Step 1: Take the cuttings
For plants with longs leaves such as D. capensis or D. filiformis I cut the leaf into roughly 1 inch (2.5 cm) sections with a pair of scissors.
For plants with shorter leaves such as D. rotundifolia, D. intermedia and D. scorpiodes I tend to tug at the leaf until it comes away from the stem with its petiole.
You should select a mature leaf, but not one that is already dying. I also try to choose a leaf with as few insects on as possible.
Step 2: Place the cuttings in water
Simply place the cuttings in a clear container with at least 1 inch of water in the bottom. In my experience adding any sugar to the water just caused fungus to grow, I really can't recommend it.
The container for this part could be a jam jar, chinese takeaway tub or such like. The container I use is a clear food storage container bought from a supermarket. It is 8.5 cm wide and 6.5 cm tall and has an airtight lid:
A lid is not important but it does stop anything such as fungal spores getting into the container and sending the water off.
The water must be suitable for CPs and not tap water. At first I used rainwater that had been boiled and allowed to cool, although this worked okay, I found I had to change it often as it would turn green with algae after a week or three. I then switched to using Deionised Water from Halfords, this never seems to develop algae and so does not need to be changed.
If you do see any sign of algae, change the water.
Step 3: Leave the container in a bright place for the cuttings to develop plantlets
I store my containers on an east facing window that gets a few hours of sunshine in the morning. The bottom shelf of a greenhouse has also been suggested as a suitable place to store the containers.
It should be remembered that not all cuttings will work, and some will just rot. You should remove any leaves that are rotting so that the rot cannot spread to the good leaves.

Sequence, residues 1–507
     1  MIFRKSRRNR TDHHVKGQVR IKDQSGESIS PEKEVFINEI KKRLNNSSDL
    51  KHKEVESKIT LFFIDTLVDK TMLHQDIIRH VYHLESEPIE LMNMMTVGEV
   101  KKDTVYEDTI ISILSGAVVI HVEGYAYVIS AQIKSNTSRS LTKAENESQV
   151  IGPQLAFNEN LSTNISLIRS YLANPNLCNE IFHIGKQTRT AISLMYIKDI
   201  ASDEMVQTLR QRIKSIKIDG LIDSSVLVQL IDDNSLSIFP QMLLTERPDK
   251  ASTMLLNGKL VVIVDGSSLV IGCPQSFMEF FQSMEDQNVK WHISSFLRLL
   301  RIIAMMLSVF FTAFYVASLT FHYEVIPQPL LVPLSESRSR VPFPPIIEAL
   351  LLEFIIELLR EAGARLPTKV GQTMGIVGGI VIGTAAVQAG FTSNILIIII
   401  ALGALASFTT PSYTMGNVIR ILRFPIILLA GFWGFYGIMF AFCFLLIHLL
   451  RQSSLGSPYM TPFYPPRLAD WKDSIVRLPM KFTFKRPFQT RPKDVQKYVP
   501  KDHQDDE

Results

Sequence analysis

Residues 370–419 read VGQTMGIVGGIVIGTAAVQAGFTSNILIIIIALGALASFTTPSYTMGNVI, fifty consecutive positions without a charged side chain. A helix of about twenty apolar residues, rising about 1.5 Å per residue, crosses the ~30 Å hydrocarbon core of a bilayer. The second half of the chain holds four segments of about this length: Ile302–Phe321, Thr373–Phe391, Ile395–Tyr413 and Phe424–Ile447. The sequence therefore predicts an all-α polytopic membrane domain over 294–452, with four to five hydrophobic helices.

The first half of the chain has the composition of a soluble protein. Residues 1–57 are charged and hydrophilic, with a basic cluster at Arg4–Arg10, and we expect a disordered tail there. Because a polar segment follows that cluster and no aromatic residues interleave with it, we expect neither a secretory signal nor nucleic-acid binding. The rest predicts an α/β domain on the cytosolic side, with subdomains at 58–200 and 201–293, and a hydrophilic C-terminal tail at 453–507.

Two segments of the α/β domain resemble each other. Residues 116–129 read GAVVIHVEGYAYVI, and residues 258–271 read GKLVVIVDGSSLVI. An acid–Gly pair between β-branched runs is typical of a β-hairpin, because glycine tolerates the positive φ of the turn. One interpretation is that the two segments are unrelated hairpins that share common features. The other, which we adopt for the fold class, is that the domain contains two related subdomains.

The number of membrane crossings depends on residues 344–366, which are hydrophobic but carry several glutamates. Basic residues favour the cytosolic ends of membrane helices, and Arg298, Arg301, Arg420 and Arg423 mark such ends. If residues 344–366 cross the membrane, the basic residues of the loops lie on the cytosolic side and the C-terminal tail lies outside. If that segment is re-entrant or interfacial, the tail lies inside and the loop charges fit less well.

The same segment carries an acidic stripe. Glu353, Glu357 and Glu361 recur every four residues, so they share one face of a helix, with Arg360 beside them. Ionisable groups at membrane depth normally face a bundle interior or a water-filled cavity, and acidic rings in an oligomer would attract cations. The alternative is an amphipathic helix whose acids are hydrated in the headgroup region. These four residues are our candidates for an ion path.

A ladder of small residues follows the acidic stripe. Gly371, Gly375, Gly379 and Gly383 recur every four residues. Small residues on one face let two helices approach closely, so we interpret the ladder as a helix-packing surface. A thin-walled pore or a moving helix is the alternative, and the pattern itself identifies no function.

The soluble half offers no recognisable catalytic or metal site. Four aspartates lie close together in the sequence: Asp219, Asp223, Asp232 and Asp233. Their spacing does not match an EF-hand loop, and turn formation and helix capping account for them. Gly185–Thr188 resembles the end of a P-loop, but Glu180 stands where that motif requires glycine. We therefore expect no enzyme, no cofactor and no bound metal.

When the plantlets start to develop they should look something like this:
These are some D. binata var. multifida cuttings after 3 weeks. There are not always so many plantlets, sometimes only one will develop.
The time it takes the plantlets to start developing can vary a lot, do not give up on a cutting unless the leaf shows signs of rotting.
Step 4: When the plantlets are large enough, transfer the cuttings to a pot.
When to transfer the cutting to a pot is not an exact science, the cuttings can survive for quite a while in the water. The longer the growth points are, the easier and less fiddly the process of transferring the cutting to a pot is.
This photo shows the cuttings at the point I decided to transfer them from the water into a pot.
I plant my cuttings is 100% sphagnum moss peat, though others use LFS or Supersphag.
My method is to fill a pot up with peat and then use a sieve to put a layer of very fine peat at the top of the pot. I then use my fingers to gently compress this fine peat so the surface is firm.
I then place the cuttings onto the surface, with the new growing points upwards. Next a layer of fine peat is sieved onto the surface until the cuttings are just covered. I then use a mister/sprayer to gently spray the surface of the pot with rainwater until the growing points of the cuttings are exposed. The aim of all this is to end up with the new growing points above the surface of the peat and the main leaf below the surface.
Once done the pot will look something like this pot with 3 cuttings in it:
Step 5: Keep the pot standing in water in a bright place
In the cooler months I put the pot into a terrarium for this stage, thus ensuring the plantlets get enough warmth and light. In the warmer months I just put the pot on a bright (south facing) windowsill. The plantlets seem to have no problem coping with full sunshine so long as they are kept very wet for the first 2 or 3 weeks while they establish roots.
After a few weeks the plantlets should become established. This photo shows the binata cutting after two weeks in the pot:
This photo shows the same plants after five weeks in the pot. They have been kept outside in full sun for the last two weeks:
At some point the plantlets need to be separated into individual pots, and then the job is complete. The photo below shows one of the plants after it had been separated and potted in its own pot for about 6 months.
I hope this is of some help.
Drosera this technique is known to work for:
D. cistiflora (only the bottom leaves)
D. falconeri (30% success rate)
D. filiformis (including red form and all hybrids)
D. scorpiodes (Very low success rate)
D. whittakeri (tuberous!)
Drosera this technique does not work for:
D. dielsiana (Need confirmation)
Edited by cgarry, 04 February 2009 - 17:30 PM.